Khalil Fong - Back to Wonderland
After the collaborative effort of 15, Khalil Fong goes back to the influences of Motown in his sixth album. Similar to his third album Wonderland, Back to Wonderland is Khalil's glorious return to 1960s R&B, funk, soul and even a bit of Jimi Hendrix (with Lonely Child). The result is the best Mandarin-language album that Motown never had a chance to produce and an album so funky that it will make your head bob to the beat from beginning to end.



RubberBand - Easy
Bands don't necessarily have to stick to loud, guitar-driven rock to be labeled a band. RubberBand understands this idea and reaches into every musical style they can think of in one of the most enjoyable Canto-pop albums of the year. Even in traditional band genres like rock, the band incorporates fresh sound elements that make Easy a breath of fresh air in the Hong Kong band scene. From the social relevant lyrics of "Open Your Eyes" to the mellow sound of Easy, RubberBand's fifth album has something for everyone.



Sandy Lam - Gaia
Sandy Lam officially graduates from a singer to a full-fledged musician with Gaia, her first album in six years. Co-producing with music wunderkind Chang Shilei, Sandy takes a leap out of her comfort zone with an album that puts emphasis on music over showing off Sandy's impeccable vocals. Gaia boldly tells Sandy Lam fans that the days of karaoke-friendly ballads are behind her, showing a musician willing to take risks with music that touches on important issues like religion, environment and self-renewal.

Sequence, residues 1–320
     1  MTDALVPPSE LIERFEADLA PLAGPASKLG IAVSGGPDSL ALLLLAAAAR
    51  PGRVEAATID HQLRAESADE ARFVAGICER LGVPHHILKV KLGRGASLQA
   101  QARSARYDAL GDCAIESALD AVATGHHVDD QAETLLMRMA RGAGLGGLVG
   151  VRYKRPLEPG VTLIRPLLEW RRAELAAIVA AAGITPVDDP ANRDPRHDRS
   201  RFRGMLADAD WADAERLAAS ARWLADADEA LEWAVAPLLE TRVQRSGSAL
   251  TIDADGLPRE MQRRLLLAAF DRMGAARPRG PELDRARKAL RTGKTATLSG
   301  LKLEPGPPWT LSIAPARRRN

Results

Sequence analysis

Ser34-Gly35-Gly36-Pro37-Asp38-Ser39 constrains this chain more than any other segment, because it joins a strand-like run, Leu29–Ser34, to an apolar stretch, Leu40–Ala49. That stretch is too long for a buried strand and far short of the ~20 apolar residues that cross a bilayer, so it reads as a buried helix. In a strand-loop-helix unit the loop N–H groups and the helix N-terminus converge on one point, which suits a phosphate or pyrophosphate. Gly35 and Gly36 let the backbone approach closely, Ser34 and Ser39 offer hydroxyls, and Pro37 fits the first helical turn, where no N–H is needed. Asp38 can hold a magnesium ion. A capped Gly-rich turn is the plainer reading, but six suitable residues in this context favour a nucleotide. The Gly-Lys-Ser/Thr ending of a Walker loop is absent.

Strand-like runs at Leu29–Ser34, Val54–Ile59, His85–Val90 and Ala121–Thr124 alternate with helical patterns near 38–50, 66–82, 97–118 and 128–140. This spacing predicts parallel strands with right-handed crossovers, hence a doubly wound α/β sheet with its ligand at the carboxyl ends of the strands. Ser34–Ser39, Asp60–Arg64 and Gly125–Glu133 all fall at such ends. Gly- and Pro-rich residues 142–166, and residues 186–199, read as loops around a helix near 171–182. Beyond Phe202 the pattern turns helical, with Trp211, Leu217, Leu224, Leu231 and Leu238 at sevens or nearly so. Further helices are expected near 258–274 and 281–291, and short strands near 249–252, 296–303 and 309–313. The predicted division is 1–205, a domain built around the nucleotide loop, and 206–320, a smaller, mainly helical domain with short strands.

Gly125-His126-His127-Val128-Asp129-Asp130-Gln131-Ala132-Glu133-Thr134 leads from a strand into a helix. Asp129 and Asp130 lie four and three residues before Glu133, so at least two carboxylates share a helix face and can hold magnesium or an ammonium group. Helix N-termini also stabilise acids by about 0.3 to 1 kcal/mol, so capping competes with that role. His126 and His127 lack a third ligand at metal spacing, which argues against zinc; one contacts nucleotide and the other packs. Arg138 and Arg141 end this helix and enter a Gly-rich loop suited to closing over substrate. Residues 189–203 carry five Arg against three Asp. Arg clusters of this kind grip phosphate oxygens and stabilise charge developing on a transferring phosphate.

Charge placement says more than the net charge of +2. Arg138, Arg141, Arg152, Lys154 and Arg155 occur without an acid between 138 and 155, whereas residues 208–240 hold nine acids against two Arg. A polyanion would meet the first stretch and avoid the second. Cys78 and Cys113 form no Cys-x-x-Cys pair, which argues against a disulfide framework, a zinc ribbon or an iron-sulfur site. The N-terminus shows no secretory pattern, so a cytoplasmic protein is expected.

Wan Fang - Love, After All
Best known for her hit theme song for the Hong Kong film C'est La Vie, Mon Cheri – still a karaoke favorite today among young people – Wan Fang has produced a seemingly unassuming album filled with heavy emotions beneath its gentle sounds. The sometimes raw production values show that little studio tampering was done to Wan's vocal performance, especially heartbreaking in songs like "I Tried, But I Can't," in which the singer-songwriter desperately cries out for her ex-lover in the dark. Love, After All is a heartfelt album that will melt your heart.



William Wei - Someone is Waiting